Here I will provide brief description of my past experience. This page is not a resume, which is available here . On this page I concentrate my attention on general software development and project management issues as I see them.

Practical and realistic approach

When selecting a technology for a new or existing project I do not automatically choose my favourite or the one that I am most familiar with, and certainly not the trendiest one. I always try to consider other technical and business challenges, present in the project. It might include for instance:

  • Compatibility - what other existing components need to interact with the new ones
  • Portability - do we need to support more than one platform (where "platform" is not necessarily limited by just OS or hardware)
  • TCO (total cost of ownership) - the money required to acquire and support the technology over the projected lifetime
  • Availability of human resources, required to develop, deploy and support the solution
  • Security - depending on the project, might be at the top of the list

Programming languages

C# and C++ are probably the software development languages I am most experienced with, Java coming next. However, I feel that no new language would be too difficult for me to master. So far I have used these additional languages and frameworks:
  • Scala - a new functional strongly typed language. It compiles into Java bytecode and can transparently use any existing Java libraries, which immediately provides it with a wealth of practical APIs. I currently use it for some personal pet projects, but would love a chance to utilize it in commercial environment
  • Perl - mainly for scripting and quick hacks, although I built quite a large log parsing and analyzing product using the language
  • Python - a cleaner alternative to Perl for various scripting tasks
  • PHP - used it, naturally, for web development. Although I was one of the earlier adopters of PHP, starting with version 3, over the years I grew disappointed with its non-existent type system and other drawbacks, which it shares with many other scripting languages
  • VB - I created a few small projects in VB6 and VBA (VB for applications - mainly used in MS Office applications, such as Excel, Word etc.)
  • OCaml and F# - these are my favourite languages. OCaml is an ML dialect, and, quoting from it's site is a " general-purpose programming language, designed with program safety and reliability in mind. It is very expressive, yet easy to learn and use. OCaml supports functional, imperative, and object-oriented programming styles ". F# is a port of OCaml to the .NET platform, bringing together the advantages of strict type checking and general functional programming of OCaml and rich library set and language interoperability of .NET.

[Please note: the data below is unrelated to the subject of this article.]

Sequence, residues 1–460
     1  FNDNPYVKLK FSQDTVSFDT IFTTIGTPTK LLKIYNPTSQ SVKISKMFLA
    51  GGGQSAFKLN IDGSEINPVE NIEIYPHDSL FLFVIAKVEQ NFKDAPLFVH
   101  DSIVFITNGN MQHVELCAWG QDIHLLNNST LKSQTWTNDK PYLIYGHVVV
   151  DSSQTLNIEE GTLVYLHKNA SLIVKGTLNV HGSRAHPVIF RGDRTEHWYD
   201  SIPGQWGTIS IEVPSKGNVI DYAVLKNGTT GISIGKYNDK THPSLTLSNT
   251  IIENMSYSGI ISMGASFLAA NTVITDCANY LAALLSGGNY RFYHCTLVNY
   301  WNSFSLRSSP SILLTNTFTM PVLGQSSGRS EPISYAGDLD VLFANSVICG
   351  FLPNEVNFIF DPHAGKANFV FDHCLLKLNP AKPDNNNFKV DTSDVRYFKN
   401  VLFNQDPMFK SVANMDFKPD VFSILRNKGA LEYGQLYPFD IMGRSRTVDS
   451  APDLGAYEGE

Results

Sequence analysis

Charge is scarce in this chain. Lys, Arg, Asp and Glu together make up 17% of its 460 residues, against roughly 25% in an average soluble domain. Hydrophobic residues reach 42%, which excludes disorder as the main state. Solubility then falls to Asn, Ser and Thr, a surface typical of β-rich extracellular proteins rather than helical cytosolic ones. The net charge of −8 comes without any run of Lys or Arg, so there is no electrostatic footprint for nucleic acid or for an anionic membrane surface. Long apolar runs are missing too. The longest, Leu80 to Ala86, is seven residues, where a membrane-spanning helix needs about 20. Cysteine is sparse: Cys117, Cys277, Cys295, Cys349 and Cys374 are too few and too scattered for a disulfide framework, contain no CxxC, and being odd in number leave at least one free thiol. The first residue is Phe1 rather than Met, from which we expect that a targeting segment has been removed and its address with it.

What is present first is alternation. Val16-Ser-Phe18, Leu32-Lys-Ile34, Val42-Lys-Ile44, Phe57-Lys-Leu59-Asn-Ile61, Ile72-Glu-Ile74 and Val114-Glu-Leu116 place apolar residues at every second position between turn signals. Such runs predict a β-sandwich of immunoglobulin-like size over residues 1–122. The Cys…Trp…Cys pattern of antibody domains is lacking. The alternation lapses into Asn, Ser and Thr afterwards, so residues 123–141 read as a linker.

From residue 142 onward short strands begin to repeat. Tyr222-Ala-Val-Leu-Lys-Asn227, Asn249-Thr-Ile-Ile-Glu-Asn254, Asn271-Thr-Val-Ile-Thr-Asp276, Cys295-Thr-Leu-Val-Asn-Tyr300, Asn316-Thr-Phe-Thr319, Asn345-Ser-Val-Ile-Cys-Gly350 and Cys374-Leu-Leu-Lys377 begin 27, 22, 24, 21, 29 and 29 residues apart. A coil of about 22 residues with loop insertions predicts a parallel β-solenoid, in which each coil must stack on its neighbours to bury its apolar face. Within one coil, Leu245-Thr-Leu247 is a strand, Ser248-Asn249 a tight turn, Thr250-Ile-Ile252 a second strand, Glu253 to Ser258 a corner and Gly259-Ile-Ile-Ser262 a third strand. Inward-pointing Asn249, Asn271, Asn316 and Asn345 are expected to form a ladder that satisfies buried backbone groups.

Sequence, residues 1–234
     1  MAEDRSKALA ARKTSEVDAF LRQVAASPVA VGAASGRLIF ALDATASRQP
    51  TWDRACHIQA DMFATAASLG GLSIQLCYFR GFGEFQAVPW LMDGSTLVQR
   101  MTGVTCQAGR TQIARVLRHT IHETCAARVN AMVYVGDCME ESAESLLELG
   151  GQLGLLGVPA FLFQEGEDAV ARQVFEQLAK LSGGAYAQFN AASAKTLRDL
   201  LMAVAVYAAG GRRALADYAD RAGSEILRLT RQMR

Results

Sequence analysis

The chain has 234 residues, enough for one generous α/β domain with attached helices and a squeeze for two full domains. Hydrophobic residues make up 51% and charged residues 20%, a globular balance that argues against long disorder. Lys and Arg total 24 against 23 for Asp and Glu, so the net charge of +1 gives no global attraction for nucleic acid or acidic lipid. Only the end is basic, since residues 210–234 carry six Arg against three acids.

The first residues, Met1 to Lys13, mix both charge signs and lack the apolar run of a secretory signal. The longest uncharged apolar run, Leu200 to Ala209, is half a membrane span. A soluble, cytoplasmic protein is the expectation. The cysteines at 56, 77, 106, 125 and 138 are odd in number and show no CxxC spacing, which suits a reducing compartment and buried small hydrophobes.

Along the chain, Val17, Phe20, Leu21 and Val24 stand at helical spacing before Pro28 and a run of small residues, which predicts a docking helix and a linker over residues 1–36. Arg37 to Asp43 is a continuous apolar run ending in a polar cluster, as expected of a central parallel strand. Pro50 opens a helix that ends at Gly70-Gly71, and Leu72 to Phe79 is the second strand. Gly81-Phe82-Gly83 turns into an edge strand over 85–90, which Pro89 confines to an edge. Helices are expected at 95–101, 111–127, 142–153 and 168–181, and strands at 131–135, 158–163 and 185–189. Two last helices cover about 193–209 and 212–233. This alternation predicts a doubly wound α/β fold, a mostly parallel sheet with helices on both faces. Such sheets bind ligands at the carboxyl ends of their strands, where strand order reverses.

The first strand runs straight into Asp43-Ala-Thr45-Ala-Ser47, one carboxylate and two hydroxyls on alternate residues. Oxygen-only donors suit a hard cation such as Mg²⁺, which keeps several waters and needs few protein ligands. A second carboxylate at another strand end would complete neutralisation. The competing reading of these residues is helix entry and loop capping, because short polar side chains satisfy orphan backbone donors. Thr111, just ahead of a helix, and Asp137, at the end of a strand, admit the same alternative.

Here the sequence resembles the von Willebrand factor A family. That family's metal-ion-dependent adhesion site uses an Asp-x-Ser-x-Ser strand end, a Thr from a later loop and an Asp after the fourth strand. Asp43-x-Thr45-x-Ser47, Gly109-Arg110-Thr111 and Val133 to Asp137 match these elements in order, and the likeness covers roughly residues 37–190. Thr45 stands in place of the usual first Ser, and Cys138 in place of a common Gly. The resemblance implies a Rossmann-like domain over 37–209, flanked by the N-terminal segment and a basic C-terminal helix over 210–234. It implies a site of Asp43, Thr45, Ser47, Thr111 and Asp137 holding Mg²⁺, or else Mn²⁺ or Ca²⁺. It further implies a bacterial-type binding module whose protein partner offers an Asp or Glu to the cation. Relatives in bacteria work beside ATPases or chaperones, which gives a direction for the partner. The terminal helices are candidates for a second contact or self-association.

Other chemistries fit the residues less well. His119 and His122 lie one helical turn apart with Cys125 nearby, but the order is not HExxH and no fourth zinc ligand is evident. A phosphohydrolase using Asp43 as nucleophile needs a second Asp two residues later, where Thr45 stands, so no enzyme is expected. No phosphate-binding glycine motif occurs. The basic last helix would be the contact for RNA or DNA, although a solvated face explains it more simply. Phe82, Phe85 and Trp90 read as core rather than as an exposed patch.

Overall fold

• Scheme - another functional language, which I like for its simplicity


It is amazing to observe, how many times the subject of the work force is ignored, although if asked explicitly, every manager would admit that the people, carrying out the actual work are ultimately the most imporant key to success of any project.  There are many issues and questions, that need to be addressed, when considering a new project.  Failure to do so might be disastrous.  For instance:

  • Can we find the right people to design and develop the product?
  • Can we motivate them sufficiently to stay and do the job?
  • How long do we expect all/some of them to be around after the development stage is completed?
  • How do we organize the development process, so that the departure of one of the key people in the project does not jeopardise the whole outcome?
  • Once the project has been delivered, will we have the right people to support and maintain it?
And many more of the same kind.  I tend to consider these issues carefully before engaging in a project.  It is obviously impossible to find the right answer to all of them before the actual work begins and certain amount of fire fighting is simply a part of project manager's way of life, but giving such things consideration in advance can really save your day.

Operating systems

I do not engage myself in religious OS wars. As mentioned earlier, I try to match project requirements and selected technologies, so in different circumstances I would choose different operating systems. So far I have used:
  • Windows - all flavors, starting from DOS, through Windows for Workgroups 3.11 and up to Windows 7
  • Unix - mainly Linux, starting from RedHat 4.0 more than ten years ago and up to Fedora Core 12, ocasionally looking at other distributions, i.e. Ubuntu and Slackware. I played with Solaris, AIX and a few others

Software products

During my career I worked with following non-trivial software packages:
  • GIS software - ArcIMS, ArcView and other ESRI products. A few of my GIS-related projects: BioGIS , PhotoGIS . Please note, that I wasn't responsible for their graphical design
  • Portals and CMS - Drupal , Liferay , Magnolia , Xoops . This site is built with Drupal, which recent releases are rather of high quality and easy to use and customize
  • Mozilla/Firefox - I did quite a bit of extension development
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